In operation, when a low velocity rebound stroke occurs, damping fluid flows from the first portion 26 to the second portion 28 of the working chamber 22 through the first plurality of flow ports 62. Specifically, the fluid flows from the top portion 26 of the working chamber 22, through the orifices 80 in the orifice disk 76, over the land 72 into the anti-swish chamber 88, over the sub-land 86 and through the flow ports 62. As the fluid follows this path, a high speed fluid flow designated by numeral 94 occurs. In addition, the high speed flow 94 causes a lower speed secondary fluid flow 96.

As the fluid enters the orifices 80, a flow restriction occurs due to the restriction caused by the land 72 before the fluid enters the anti-swish chamber 88. Upon entering the anti-swish chamber 88, the restriction is reduced because of the larger area in the anti-swish chamber 88. This causes a slight under pressure at the edge 90 of the land 72. However, because the entrance angle at the edge 90 is about 90, substantially no swish noise is caused. The fluid then passes over the gap about the circumference between the sub-land 86 and the orifice disk 76 which only causes a slight restriction in the flow of fluid. The fluid then subsequently flows through the ports 62. Because there is only a slight restriction of fluid as the fluid enters the ports 62, there is substantially no under pressure at the edge 92 of the sub-land 86, which thereby reduces or eliminates swish noise as the fluid passes over the edge 92 and enters the ports 62 during low velocity rebound strokes. The anti-swish chamber 88 enhances or stimulates fluid rotation in the secondary fluid flow 96 which enables the secondary fluid flow 96 to fill the area along the edge 90 of the land 72, thereby reducing the under pressure (i.e. cavitation) in this area.

As the velocity of the rebound stroke increases, the valve member 60 is resiliently urged against the rebound spring 54 by fluid in the second plurality of flow ports 64. This creates a second flow path during rebound consisting of fluid passing into orifices 84 and 78 from the upper portion 26 of the working chamber 22. This fluid passes into the orifices 84 and 78 from around the support washer 46 and through three axially extending circumferentially spaced orifices 98 in the washer 46 which are concentric with the piston post 30. Conversely, during compression, fluid flows from the lower portion 28 of the working chamber 22, up through the first set of flow ports 62 and resiliently urges the orifice disk 76 and intake valve 82 upward against the spring 50.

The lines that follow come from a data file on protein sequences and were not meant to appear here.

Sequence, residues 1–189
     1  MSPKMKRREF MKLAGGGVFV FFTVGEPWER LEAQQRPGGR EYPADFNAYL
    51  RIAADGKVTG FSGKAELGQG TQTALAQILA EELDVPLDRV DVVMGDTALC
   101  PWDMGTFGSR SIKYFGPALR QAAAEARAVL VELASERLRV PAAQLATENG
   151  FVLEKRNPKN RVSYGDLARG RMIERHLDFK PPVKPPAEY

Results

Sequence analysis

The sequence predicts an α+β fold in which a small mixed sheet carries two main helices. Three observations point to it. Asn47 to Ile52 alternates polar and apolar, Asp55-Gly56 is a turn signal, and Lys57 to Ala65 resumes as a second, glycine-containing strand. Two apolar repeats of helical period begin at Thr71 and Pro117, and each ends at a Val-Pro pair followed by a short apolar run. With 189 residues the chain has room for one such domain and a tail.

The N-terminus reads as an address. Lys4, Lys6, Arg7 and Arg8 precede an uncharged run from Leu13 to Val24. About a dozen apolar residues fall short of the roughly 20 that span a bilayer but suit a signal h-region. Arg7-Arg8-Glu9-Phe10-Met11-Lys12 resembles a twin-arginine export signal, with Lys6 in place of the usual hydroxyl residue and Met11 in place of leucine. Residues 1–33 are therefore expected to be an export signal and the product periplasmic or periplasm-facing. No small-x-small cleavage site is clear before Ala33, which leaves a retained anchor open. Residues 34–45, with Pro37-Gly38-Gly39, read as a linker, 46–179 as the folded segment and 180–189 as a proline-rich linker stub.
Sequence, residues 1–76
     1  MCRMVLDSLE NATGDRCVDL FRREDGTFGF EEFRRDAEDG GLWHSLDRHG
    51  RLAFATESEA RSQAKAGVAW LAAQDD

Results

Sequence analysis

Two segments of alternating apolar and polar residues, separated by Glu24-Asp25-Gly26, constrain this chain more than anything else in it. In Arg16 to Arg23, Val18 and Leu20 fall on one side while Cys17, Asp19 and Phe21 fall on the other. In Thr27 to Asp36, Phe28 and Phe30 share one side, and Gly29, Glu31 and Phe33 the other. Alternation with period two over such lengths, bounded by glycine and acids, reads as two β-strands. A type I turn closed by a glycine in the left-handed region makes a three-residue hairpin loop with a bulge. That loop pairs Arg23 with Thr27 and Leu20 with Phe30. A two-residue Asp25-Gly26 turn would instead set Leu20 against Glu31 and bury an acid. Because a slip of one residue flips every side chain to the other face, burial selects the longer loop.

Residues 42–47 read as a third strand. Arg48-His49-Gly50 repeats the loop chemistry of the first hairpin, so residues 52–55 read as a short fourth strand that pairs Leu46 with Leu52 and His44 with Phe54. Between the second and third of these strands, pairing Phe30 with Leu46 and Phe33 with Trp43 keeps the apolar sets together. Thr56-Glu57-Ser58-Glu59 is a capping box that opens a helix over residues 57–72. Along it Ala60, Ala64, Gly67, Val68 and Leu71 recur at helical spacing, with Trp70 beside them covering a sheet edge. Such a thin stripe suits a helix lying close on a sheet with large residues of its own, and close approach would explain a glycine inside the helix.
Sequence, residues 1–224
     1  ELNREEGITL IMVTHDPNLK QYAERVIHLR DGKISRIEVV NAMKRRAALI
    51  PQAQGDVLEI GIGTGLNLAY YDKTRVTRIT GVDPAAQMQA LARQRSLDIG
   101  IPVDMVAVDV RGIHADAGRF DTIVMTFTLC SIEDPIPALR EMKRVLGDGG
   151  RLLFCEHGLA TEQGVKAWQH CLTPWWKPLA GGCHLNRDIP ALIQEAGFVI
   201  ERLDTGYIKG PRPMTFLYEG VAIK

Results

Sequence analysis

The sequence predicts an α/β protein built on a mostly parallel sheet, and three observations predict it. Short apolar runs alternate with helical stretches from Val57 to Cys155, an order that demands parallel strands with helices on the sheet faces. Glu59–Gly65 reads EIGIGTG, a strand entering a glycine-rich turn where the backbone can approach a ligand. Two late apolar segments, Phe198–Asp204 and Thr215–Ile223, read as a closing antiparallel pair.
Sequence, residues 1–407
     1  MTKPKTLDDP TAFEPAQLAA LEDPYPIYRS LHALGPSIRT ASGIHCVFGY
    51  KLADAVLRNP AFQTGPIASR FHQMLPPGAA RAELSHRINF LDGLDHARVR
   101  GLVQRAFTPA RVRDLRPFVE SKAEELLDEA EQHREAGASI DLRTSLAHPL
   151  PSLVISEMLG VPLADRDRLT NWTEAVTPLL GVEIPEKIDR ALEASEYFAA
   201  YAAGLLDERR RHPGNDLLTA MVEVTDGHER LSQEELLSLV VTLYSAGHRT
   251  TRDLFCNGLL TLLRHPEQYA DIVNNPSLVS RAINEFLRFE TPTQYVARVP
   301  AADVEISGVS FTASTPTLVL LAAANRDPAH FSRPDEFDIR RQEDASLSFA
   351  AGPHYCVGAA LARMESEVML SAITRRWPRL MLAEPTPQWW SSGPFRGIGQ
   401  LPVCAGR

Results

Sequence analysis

Turning to FIGS. 3A-3C, another preferred embodiment of an anti-swish mechanism is shown incorporated into the piston body 40. The piston body 40 shown in FIGS. 3A-3C is substantially the same as the piston body shown in FIGS. 1A-2C except for the following differences. The first plurality of flow ports 62 are circumferentially farther out than the flow ports 62 shown in FIGS. 1A-2C. The piston body 40 includes only a first annular axially extending land or valve seat 99 and a second annular axially extending land or valve seat 100 concentric with the land 99. The land 100 axially extends slightly less than the first land 99 and is selectively engaged by a first valve member or sharp bleed disk 102. The sharp bleed disk 102 is a generally flat disk shaped valve member having multiple intake orifices 104 for the second plurality of flow ports 64 which enables the damping fluid to pass between the upper portion 26 to the lower portion 28 of the working chamber 22 during high velocity rebound strokes. The sharp bleed disk 102 further includes a concentrically tapered surface adjacent to the piston body 40 at the outer circumferential edge 106 of the sharp bleed disk 102. The angle 107 of the tapered edge is less than 90 and preferably between about 20 to 40.

Positioned atop the sharp bleed disk 102 is a second valve member or orifice disk 108. The orifice disk 108 is also a generally flat disk shaped valve member having multiple intake orifices 110 for the first and second plurality of flow ports 62 and 64 and twelve axially extending, circumferentially spaced, elongated slot orifices 112, show clearly in FIG. 3C, which enables damping fluid to flow through the first plurality of flow ports 62, which will be described in detail shortly. Positioned atop and concentric with the orifice disk 108 is an intake valve member 114 which is also a generally flat disk shaped valve member. The intake valve 114 includes multiple intake orifices 116, also for the first and second plurality of flow ports 62 and 64.

In operation, when a low velocity rebound stroke occurs, damping fluid flows from the first portion 26 to the second portion 28 of the working chamber 22 through the first plurality of flow ports 62. Specifically, the fluid flows from the top portion 26 of the working chamber 22, through the multiple intake orifices 116 and 110, into the elongated slot orifices 112 and through the flow ports 62. As the fluid follows this path, a high speed fluid flow designated by numeral 118 occurs. In addition, the high speed flow 118 causes a lower speed secondary rotating fluid flow 120. The concentrically taper surface of the circumferential edge 106 reduces restriction of the fluid and enables the secondary fluid flow 120 to fill the area immediately along the edge 106 of the sharp disk 102, thereby reducing the under pressure (i.e. cavitation) in this area to reduce or eliminate the swish noise during low velocity rebound strokes.